I am often amazed at how many people judge themselves harshly concerning the difficulties in their physical or mental life. Some people come to me feeling guilty or at fault for their condition. I’m moved to my core. I recognize myself in this. It has been redemptive to learn about the progression of emotional and/or physical conditions. I begin to understand why it was such a big deal for the ancient Chinese when a medical book was published which explained why people get sick. Before that, the people believed they were getting sick as some sort of punishment for their sins. Amazingly, this type of thinking still occurs. Often from some of the most educated, worldly people.

It’s redemptive to learn how an emotional experience can get stuck in the chest and progress all the way to obsessive-compulsive behavior, constipation or even cancer. There is a pathway that opens up: a way back to health and freedom. Once the person can return to the original stuck material, they can work on letting it go, regaining health and freedom. Compassion can be cultivated, as well as a sense of direction. I always say acupuncture is an empowerment therapy at its root. The obsessive-compulsive addictive behavior is not because you are crazy or sinful or bad: it may be simply because there is an emotional trauma stuck in the chest, having gone into the level of the unconscious, and is expressing itself through behavior instead of thought. There is a rational wisdom here that encourages forgiveness and active surrender.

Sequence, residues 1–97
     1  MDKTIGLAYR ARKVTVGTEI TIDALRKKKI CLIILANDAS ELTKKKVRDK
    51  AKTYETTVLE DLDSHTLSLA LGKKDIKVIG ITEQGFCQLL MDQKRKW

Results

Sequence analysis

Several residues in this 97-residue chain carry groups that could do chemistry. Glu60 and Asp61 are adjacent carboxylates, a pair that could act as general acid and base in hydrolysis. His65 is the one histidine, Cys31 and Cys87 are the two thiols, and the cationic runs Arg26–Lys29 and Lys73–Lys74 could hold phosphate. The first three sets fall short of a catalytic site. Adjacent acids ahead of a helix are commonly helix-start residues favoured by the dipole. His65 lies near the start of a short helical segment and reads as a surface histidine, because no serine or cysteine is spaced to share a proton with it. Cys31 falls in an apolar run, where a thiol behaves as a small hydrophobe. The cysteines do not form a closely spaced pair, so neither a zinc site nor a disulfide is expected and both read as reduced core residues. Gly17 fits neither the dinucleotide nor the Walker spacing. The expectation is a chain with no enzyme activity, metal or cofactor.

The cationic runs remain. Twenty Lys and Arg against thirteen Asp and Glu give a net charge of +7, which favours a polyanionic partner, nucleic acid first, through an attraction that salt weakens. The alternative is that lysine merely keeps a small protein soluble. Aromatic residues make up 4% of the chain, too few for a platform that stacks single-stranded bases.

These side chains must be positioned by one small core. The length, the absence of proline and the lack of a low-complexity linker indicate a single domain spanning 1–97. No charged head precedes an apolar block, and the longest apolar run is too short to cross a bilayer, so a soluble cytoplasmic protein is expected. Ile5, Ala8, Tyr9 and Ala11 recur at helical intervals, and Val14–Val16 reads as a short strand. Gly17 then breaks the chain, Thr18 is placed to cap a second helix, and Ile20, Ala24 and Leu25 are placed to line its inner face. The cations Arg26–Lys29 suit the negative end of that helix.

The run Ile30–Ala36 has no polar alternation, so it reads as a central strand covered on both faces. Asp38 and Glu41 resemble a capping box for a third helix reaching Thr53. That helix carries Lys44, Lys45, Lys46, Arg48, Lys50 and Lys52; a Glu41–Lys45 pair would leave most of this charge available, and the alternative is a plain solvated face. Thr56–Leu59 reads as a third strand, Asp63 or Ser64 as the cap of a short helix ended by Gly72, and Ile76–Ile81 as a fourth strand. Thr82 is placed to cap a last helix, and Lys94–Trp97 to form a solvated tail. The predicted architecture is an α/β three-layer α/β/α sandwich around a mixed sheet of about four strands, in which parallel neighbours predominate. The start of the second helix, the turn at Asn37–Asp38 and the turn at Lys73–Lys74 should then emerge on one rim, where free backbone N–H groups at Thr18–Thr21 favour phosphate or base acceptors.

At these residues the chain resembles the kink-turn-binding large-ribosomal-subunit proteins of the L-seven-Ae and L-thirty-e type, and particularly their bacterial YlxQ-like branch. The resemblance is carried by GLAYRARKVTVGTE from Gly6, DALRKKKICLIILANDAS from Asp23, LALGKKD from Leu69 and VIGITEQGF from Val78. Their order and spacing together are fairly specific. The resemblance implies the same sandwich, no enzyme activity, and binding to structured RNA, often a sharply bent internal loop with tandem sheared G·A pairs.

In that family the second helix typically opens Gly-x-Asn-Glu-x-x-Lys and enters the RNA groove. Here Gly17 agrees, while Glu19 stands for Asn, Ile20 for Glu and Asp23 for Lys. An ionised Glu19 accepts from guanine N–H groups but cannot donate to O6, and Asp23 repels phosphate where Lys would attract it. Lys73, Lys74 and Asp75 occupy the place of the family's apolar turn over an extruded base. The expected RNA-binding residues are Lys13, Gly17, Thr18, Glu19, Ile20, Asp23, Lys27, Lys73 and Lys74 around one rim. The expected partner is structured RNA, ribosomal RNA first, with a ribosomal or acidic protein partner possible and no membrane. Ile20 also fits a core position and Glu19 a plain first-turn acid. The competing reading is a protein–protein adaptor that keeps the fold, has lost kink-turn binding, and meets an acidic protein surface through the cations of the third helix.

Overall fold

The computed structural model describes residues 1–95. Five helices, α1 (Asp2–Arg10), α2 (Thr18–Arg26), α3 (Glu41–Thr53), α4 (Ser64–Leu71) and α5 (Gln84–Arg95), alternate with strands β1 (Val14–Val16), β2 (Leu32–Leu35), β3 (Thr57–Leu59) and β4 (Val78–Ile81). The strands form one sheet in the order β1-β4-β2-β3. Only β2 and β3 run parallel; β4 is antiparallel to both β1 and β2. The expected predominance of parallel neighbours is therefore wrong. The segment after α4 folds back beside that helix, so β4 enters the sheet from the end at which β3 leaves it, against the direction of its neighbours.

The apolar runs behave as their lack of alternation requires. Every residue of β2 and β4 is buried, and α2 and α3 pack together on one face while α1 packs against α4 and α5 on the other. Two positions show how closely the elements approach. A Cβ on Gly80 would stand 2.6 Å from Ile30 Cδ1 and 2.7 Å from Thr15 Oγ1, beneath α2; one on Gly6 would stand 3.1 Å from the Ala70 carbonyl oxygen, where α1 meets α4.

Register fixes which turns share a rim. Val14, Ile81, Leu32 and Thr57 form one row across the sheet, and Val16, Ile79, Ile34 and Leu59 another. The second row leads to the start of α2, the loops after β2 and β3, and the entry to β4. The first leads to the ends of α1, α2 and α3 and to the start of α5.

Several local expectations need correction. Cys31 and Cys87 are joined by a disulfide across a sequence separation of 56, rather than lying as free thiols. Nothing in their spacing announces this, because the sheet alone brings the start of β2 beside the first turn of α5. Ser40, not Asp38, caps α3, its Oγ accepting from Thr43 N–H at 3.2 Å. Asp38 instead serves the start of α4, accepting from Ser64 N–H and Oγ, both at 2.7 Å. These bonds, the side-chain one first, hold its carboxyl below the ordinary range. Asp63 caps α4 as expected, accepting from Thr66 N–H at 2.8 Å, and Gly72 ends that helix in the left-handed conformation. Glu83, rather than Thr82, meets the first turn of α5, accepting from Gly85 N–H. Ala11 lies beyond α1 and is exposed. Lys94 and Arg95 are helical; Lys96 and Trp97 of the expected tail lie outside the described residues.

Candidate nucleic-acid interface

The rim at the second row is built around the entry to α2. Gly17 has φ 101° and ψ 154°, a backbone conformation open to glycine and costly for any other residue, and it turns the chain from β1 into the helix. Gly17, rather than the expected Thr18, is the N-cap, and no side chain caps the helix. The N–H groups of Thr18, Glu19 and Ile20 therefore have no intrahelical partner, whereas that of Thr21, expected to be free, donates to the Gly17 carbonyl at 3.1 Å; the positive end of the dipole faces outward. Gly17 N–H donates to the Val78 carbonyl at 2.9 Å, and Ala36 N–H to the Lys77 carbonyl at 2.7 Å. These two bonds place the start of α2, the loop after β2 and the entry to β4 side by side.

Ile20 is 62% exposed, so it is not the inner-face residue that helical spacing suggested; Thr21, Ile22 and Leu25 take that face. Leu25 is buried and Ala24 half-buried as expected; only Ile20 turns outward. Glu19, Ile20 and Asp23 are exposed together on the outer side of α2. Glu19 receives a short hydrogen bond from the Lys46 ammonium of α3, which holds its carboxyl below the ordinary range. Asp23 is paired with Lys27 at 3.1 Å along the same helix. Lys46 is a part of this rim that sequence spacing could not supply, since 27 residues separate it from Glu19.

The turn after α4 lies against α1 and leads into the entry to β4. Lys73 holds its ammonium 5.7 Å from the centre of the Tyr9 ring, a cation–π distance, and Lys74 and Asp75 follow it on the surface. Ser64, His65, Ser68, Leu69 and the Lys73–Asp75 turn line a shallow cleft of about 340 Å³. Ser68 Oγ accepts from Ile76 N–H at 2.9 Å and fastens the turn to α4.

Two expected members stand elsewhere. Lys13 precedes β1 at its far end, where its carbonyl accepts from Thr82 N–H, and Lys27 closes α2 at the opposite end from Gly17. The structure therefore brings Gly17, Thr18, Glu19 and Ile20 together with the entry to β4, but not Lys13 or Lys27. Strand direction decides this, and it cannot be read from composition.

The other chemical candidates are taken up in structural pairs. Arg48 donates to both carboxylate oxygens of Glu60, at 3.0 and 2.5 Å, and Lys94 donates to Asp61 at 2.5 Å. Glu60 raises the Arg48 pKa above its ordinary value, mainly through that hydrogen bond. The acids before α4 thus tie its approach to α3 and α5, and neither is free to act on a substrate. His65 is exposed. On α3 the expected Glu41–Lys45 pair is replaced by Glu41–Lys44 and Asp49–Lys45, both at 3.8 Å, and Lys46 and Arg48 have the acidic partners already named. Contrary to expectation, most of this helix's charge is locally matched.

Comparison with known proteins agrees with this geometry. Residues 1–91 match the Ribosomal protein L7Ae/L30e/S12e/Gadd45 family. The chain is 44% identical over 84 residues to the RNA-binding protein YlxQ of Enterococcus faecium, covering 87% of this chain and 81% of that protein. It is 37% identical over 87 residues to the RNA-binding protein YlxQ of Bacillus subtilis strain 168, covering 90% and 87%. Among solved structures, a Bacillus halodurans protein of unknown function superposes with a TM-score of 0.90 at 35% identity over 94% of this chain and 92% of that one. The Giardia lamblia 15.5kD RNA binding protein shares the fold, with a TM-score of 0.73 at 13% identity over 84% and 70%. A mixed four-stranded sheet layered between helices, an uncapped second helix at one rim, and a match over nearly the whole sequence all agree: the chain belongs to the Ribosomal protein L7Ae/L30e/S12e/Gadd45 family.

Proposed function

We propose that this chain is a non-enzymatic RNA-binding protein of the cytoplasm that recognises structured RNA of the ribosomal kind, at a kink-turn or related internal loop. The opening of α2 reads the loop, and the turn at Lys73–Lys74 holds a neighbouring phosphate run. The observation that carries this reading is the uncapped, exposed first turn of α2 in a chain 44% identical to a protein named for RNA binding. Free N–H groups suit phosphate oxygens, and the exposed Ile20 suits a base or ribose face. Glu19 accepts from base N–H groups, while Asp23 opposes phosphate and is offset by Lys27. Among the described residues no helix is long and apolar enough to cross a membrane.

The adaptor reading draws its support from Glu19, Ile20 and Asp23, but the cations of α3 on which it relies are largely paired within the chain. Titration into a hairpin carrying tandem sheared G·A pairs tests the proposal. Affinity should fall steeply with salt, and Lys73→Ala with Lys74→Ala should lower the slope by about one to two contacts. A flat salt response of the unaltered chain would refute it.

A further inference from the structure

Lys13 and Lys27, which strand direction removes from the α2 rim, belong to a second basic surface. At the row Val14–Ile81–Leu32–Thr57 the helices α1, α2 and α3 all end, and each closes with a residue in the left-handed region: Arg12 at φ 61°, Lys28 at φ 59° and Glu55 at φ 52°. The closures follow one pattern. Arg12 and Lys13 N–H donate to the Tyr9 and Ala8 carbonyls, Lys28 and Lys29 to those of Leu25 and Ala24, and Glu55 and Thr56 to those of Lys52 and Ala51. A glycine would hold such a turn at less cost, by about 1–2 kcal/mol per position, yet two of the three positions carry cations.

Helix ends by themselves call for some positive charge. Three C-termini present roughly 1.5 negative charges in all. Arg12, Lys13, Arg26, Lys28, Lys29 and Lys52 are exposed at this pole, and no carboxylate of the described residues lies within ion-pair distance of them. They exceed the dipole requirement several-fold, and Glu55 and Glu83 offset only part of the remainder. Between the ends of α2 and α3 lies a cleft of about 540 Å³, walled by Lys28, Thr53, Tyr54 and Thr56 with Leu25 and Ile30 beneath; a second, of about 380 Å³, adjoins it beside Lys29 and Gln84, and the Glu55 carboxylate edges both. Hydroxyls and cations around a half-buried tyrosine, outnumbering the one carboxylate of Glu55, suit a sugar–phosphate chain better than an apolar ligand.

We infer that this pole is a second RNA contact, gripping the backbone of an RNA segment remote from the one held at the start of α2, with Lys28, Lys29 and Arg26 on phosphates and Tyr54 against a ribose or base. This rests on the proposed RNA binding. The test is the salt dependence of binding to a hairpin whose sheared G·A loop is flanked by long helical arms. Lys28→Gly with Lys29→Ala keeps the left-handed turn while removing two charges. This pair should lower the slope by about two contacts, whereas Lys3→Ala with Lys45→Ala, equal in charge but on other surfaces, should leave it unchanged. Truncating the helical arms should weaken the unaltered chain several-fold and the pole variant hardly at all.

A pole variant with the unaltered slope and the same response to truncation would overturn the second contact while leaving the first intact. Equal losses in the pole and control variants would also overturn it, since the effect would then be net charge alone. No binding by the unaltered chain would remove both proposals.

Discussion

Who is it that said “whatever doesn’t kill you will make you stronger?” This is also my view. The healing process empowers a person. How great does it feel when we accomplish something challenging and see results? It can feel even better to heal from a condition, especially one that doctors say is “severe” or “serious.” It certainly makes us stronger: it gives us tremendous insight into ourselves, and if we allow it, self-respect and self-love. And if we can reflect all of that outwards toward our fellow man, the good as been amplified ten-fold.

The fact that a collection of needles inserted shallowly into points on the body can do all of this is miraculous. The treatment and medical theory is impressive. Equally impressive and necessary is the effort and commitment of the patient and practitioner: working together to heal.

Nicholas Sieben, MS, L.Ac.

Nicholas is a healer who uses acupuncture and reiki to help awaken and heal. His mission is to promote greater freedom of body, mind and spirit through compassionate self-awareness. Through the use of ancient medical practices and the spiritual philosophies of Taoism and Buddhism, Nicholas helps illuminate the path to healing. He is a student of the renown Taoist priest and Chinese Medical Master Jeffrey Yuen. He completed his acupuncture studies under Mr. Yuen at the Swedish Institute College of Health Sciences, and received a B.A. from Brandeis University in Sociology and Philosophy. He has a practice in New York City.